And these things were said both among the Greeks and among all nations where they [the demons] heard the prophets foretelling that Christ would specially be believed in; but that in hearing what was said by the prophets they did not accurately understand it, but imitated what was said of our Christ, like men who are in error, we will make plain. [First Apology]

So, Justin was NOT trying to explain away the parallels at all. At a time when Christianity was regarded as a barbarous new religion, Justin was trying to convince the pagans that parallels existed, and that pagan myths were misunderstood copies of stories in Hebrew writings. It was those pesky demons who misunderstood, of course - the same ones who had framed Socrates and created lurid tales about Jupiter.


Flemming's tailoring of the quote seems most "fortunate". Where did he get that quote from? As I note in the first Section, the problem is simply that Flemming refuses to provide his sources, and this leads him open to charges of deliberate deception. I urge his supporters to ask Flemming for his sources.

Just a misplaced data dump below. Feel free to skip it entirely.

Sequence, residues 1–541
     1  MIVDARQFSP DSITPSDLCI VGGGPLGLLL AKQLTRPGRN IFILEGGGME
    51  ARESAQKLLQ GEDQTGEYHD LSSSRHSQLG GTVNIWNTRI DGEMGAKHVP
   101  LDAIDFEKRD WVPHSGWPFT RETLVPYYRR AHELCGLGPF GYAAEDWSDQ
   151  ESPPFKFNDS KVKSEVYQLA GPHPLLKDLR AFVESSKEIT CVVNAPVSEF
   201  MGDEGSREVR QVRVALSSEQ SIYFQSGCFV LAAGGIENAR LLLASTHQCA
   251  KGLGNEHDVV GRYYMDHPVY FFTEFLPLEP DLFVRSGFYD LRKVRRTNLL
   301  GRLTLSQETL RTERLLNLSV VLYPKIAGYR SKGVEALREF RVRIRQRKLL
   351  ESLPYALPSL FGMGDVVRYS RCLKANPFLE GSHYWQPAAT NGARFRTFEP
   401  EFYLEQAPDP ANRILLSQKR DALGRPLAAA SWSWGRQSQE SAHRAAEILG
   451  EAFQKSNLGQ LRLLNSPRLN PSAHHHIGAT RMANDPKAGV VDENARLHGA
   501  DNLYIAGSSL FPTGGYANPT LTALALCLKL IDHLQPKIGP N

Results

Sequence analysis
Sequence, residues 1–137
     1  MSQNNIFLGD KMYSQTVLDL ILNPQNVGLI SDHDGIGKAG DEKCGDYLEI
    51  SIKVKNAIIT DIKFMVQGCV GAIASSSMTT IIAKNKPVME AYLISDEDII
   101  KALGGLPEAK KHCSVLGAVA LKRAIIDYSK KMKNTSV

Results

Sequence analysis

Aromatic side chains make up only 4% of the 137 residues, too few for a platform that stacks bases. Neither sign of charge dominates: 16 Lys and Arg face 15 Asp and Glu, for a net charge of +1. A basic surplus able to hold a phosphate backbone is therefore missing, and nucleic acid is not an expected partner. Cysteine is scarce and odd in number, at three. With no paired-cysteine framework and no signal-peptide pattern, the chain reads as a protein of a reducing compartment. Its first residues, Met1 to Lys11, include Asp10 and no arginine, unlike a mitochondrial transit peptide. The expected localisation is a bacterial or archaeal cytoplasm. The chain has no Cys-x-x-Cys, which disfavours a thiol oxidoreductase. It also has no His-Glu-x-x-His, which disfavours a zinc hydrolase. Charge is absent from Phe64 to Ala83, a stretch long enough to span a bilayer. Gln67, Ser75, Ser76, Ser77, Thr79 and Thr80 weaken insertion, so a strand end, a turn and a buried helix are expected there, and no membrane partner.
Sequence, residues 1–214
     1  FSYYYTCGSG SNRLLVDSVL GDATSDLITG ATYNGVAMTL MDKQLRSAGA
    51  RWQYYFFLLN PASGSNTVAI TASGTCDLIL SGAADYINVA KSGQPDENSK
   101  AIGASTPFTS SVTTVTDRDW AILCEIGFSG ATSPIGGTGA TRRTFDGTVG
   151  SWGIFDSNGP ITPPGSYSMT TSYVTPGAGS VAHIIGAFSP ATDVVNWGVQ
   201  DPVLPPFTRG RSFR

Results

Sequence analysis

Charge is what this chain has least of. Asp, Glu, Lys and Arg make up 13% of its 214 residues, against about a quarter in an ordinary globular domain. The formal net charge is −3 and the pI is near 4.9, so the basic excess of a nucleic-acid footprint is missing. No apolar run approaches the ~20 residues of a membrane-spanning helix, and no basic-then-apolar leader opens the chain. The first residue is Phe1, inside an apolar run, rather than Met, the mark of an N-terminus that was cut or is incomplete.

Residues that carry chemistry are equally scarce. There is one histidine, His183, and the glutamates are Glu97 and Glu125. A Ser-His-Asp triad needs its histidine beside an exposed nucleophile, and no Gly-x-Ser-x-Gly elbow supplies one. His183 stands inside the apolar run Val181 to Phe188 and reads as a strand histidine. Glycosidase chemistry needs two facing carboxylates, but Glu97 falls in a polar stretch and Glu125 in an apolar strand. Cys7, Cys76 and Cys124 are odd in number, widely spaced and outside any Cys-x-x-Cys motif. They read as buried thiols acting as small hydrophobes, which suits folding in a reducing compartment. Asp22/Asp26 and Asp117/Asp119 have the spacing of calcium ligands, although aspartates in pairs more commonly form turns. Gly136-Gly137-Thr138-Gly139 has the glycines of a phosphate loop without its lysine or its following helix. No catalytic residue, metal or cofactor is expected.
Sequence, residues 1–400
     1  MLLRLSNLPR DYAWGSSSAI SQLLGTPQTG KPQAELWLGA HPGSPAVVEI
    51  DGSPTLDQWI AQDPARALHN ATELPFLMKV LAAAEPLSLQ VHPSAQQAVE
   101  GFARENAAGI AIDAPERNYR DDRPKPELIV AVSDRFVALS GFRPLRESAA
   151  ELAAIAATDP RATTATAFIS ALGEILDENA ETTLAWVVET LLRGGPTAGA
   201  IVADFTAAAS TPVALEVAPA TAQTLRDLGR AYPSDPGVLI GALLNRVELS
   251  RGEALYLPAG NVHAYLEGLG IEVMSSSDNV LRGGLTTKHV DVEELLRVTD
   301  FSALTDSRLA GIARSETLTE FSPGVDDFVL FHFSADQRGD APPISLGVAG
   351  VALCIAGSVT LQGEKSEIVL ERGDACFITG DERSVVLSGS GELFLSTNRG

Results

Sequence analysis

2.4 'We propound nothing new or different'


The other quote from Justin appearing in the movie is this one (my emphasis):

When we say that Jesus Christ was produced without sexual union, was crucified and died, and rose again, and ascended to heaven, we propound nothing new or different from what you believe regarding those whom you call the sons of Jupiter."
- Justin Martyr, church father [21:30]

Here Justin is trying to convince a skeptical pagan audience that there were parallels between pagan myths and the Christ story. It was the pagans who didn't see this, as explained above. However, the parallels that Justin gives aren't between Christianity and pagan ideas, they are between Hebrew writings and pagan myths. But what actual examples did he use? 


Let's look at some of the parallels listed in Justin's "First Apology", and see how convincing they sound. These are all taken from Chapters 32 and 33. Notice how Justin is tying back to Hebrew prophecies (my emphasis below):